We continue to leave behind mind-boggling amounts of digital information about our lifestyles, personalities, and desires. A sample of sites where I know I have left a hefty footprint include Facebook, Reddit, LinkedIn, Twitter, YouTube, iTunes, blogs, career sites, industry associations, search history patterns, buying patterns, geo locations, and content libraries. IBM Watson offers banks a cost-effective way, through the cloud, of scouring such data to build up clues that provide a more in-depth view of what their customers’ desire. Current analytic segmentation is requirements-based and is modeled on past behavior to determine and influence future behavior. The segmentation buckets are broad and all within them are treated the same. Cognitive analytics allow a much more precise and immediate analysis of behavioral characteristics in different environments and, therefore, a more personalized and satisfying experience for the customer.

I’d welcome any feedback from those of you who have been involved in implementing or are in the process of implementing big data in banking. And, if you’re interested, take a look at Celent’s Dan Latimore’s blog Implementing Watson is Hard

On a side note, IBM introduced the term Cognitive Bank and it is not a phrase that works for me. It is disconcerting to describe a bank as having the mental process of perception, memory, judgment, and reasoning.

Looking forward to hearing from you.

 

The future: are you excited or scared?

Jul 10th, 2015

As industry analysts, we often comment on the impact emerging technologies and innovations have on our clients’ business. How can a financial institution become more “digital?” Will Apple Pay be successful and how quickly? How can a bank deploy data analysis tools to its advantage? These are questions we and our clients are dealing with on a daily basis.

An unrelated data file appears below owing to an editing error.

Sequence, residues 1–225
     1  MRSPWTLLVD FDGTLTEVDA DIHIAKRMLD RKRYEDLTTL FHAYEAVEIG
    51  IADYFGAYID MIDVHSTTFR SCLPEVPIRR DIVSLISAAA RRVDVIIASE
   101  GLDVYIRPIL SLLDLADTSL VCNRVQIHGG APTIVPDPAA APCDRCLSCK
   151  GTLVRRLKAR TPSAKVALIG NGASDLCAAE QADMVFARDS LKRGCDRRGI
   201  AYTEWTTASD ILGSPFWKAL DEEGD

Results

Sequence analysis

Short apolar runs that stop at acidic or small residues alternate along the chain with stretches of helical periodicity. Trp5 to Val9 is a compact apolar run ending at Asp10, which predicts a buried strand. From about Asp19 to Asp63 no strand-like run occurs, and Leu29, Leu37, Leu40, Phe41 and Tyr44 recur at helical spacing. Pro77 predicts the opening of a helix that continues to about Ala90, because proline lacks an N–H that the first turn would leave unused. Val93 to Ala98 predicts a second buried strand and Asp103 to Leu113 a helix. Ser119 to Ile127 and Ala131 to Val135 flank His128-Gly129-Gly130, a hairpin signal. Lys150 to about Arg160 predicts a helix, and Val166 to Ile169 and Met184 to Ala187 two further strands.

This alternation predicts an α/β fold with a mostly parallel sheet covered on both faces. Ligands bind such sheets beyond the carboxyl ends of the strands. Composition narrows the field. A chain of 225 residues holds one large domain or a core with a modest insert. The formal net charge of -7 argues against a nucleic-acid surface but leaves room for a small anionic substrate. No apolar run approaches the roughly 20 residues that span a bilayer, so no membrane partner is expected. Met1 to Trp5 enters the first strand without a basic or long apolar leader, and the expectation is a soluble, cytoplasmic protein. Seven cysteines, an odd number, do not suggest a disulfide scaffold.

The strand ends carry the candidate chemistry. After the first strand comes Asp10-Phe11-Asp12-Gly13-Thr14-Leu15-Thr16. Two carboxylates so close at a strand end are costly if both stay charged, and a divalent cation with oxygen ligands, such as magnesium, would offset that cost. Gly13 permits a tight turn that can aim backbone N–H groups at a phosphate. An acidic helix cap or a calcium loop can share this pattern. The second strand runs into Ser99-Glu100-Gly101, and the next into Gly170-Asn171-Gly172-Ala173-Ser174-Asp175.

Many of us have also seen presentations by futurists painting their visions of an increasingly digital future, where everything is connected and always on, where machines have reached human levels of intelligence, and so on. Given the relentless progress of technology, it is probably only a matter of time until such visions become reality.

However, I would argue that what many of us don’t do often enough is pause and reflect on the impact of technology on us as individuals and on the society as a whole, especially in the long term. I recently read a book that made me pause and think: The Circle by Dave Eggers. If you haven’t read it yet, Circle is a fictional internet technology company, sort of an imaginary amalgam of Apple, Facebook, Google, and Twitter. The best and brightest work there bringing to market their latest inventions, such as TruYou, “one account, one identity, one password, one payment system, per person.” Of course, that also means no more anonymity, so, for example, customer satisfaction survey scores are always close to a 100, and any lower ones are chased by the reps until they are re-scored. Tiny camera devices that can be left anywhere unnoticed and stream high quality video are introduced as an innocuous way for the surfers to check the waves at the remote beaches, but soon turn into a “Big Brother”-type ever-present eye. Some of the characters opt to go for “transparency” and start wearing always-on cameras, with unsurprisingly chilling implications for privacy.